Collectively, South Africans are nauseated at the brazen scale of this latest chapter in our whodunnit (or rather who didn’t do it) corruption tale. The entrenched bribe-paying culture of Bosasa being spelt out in gruesomely greedy detail by Angelo Agrizzi at the state capture commission has our collective jaws on the floor for its shamelessness.
And we’re a pretty desensitised lot – we’ve survived the fire pool video, the Des van Rooyen finance weekend and the hell-no-I-won’t-go speech of Jacob Zuma, among other believe-it-or-not moments.
This weekend a fair number of us will brave the egg-fryingly hot sun to gather around the braai. There will be a passionate, indignant and incredulous discussion about “these crooks” and “fat cats” who have gleefully robbed us of our tax contributions and simultaneously stolen a better life from the majority of South Africans.
There’ll be a guy who will wax lyrical about how “these people” have ruined the country and they should all be in jail.
He’ll be the same guy who at a previous braai regaled the guests with the tale of how he was pulled over by the cops one Friday night.
He’d had a bit too much to drink, but not to worry, he keeps a grand in his cubbyhole for just such an eventuality.
Herein lies our collective problem – too many of us are exceptionalists. We are rule benders and law breakers. We think the rules don’t apply to us or that we can go around the right way and not affect our society.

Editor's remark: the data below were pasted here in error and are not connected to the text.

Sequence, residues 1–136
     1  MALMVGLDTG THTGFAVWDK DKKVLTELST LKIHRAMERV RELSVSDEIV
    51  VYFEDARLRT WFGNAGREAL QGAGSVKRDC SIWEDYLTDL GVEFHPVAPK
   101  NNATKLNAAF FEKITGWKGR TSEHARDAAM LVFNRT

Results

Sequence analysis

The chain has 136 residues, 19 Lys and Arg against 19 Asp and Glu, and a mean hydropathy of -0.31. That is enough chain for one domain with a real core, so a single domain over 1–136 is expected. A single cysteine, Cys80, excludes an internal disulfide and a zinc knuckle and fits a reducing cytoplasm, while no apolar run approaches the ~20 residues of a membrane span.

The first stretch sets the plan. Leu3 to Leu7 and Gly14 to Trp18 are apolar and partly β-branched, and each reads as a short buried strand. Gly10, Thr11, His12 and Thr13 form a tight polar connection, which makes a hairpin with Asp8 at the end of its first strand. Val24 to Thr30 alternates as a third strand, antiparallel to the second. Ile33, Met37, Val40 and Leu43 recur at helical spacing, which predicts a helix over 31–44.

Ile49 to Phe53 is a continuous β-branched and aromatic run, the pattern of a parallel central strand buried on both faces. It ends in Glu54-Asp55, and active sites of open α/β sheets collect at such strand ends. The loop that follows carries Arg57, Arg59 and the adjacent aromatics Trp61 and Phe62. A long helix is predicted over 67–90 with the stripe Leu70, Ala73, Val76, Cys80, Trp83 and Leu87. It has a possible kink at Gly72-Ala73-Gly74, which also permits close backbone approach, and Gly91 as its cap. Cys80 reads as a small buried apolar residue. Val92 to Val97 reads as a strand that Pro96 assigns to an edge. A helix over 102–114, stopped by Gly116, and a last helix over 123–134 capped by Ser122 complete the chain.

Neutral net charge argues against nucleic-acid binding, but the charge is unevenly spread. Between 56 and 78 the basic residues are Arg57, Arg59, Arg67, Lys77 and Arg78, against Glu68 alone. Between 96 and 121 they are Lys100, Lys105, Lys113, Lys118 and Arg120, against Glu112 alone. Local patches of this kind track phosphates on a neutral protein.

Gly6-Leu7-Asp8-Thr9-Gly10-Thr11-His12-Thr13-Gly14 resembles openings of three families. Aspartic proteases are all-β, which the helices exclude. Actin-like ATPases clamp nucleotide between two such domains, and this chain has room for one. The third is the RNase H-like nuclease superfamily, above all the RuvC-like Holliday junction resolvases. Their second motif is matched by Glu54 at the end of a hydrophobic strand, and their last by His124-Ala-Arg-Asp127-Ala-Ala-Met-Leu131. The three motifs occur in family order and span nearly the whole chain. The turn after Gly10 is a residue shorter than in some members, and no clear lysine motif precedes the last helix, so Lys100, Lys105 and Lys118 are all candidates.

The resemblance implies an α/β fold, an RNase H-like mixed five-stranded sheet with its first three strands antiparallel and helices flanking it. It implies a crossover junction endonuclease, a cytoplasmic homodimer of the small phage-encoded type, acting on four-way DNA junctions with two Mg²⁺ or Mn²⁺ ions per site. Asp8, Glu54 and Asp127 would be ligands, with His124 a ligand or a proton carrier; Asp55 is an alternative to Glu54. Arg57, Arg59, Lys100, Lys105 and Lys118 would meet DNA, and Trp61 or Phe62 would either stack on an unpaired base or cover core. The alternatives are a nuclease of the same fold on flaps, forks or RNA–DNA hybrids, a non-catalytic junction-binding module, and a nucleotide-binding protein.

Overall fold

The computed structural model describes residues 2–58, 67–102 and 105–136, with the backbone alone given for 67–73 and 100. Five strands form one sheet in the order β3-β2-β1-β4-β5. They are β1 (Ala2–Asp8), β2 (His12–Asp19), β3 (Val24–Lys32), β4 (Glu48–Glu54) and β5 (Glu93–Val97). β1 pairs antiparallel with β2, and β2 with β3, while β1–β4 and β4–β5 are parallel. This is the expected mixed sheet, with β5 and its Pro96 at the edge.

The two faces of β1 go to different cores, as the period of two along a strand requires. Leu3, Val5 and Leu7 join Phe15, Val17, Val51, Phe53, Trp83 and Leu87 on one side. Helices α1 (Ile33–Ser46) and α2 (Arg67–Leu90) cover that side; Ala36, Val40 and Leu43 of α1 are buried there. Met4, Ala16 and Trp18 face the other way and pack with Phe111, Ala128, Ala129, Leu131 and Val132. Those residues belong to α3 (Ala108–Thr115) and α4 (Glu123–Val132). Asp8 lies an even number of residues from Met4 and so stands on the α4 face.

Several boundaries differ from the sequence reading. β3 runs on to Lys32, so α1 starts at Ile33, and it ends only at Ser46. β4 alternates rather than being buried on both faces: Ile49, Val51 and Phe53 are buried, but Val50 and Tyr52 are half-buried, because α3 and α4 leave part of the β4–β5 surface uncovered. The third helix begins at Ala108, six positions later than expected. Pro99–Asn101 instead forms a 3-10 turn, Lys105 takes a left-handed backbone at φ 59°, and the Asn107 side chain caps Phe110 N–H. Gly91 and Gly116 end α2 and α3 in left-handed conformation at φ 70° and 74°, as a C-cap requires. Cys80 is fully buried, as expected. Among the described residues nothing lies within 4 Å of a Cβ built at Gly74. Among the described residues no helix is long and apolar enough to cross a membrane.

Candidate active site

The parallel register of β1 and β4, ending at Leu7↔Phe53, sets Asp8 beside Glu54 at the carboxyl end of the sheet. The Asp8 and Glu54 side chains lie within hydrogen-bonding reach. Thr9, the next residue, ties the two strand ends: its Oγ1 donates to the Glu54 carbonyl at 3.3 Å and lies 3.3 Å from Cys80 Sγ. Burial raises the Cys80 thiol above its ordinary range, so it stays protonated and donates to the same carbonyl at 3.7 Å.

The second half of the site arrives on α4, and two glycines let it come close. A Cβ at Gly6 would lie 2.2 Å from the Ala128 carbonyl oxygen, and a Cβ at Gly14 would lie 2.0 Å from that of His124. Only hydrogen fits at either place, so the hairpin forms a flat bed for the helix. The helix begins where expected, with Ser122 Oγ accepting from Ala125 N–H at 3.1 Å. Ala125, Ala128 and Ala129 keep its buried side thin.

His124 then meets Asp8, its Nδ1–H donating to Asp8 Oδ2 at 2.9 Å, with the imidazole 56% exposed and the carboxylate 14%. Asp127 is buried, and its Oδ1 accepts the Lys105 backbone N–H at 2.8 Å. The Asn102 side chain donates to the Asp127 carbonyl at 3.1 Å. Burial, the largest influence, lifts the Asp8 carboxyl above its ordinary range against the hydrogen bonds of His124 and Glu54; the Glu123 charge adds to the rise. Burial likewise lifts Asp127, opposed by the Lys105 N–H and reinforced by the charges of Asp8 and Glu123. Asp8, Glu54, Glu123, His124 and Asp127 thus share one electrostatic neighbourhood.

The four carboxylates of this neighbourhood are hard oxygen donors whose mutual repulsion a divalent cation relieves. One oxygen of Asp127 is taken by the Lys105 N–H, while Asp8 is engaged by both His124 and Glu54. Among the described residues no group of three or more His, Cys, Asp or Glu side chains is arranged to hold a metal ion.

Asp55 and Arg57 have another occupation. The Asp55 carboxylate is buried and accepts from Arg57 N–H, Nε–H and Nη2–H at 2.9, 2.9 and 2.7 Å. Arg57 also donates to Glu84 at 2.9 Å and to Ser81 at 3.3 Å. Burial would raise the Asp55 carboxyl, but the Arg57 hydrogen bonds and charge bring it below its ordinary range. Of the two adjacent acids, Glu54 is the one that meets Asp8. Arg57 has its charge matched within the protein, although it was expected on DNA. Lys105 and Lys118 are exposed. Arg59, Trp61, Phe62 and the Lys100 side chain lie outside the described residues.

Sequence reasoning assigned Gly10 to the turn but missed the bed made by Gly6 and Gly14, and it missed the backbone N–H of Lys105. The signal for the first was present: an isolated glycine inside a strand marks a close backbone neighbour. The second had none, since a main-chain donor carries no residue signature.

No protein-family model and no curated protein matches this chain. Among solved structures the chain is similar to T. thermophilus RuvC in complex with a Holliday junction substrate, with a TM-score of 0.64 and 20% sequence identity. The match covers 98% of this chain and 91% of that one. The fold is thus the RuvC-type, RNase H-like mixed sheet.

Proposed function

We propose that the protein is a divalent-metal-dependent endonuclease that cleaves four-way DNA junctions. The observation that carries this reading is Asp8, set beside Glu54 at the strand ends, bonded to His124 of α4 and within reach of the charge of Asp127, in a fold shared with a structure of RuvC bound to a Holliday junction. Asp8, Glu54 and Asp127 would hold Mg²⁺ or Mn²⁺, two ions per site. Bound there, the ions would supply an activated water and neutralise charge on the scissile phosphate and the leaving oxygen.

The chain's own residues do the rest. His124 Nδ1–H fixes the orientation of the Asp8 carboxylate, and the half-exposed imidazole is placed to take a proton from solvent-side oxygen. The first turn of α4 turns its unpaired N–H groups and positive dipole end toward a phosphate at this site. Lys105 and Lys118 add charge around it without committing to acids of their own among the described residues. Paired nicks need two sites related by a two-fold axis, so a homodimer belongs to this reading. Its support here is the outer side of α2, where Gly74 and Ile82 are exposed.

We obstinately refuse to engage in self-reflection to realise that we – as members of this society – have to be fastidious about following the rules. We have to acknowledge that for every person taking a bribe there’s one paying it and vice versa.
How many anecdotes are there about people paying for a driver’s licence? Too many.
A mother I know went to school to collect her child’s final report. The headmaster spun her a line about there being fees outstanding. He spent ages explaining how some cash in his personal account would really go a long way to getting that report. She told him to get stuffed and spent another two days working through the system correctly to get the report. How many didn’t?
It’s unlikely that the culture of bribery we are hearing about now is an exception. In the same way there’s that guy at the braai in almost all of our extended circles.
To reboot our democratic joint venture honestly and fairly we are all going to have to do some serious navel-gazing.
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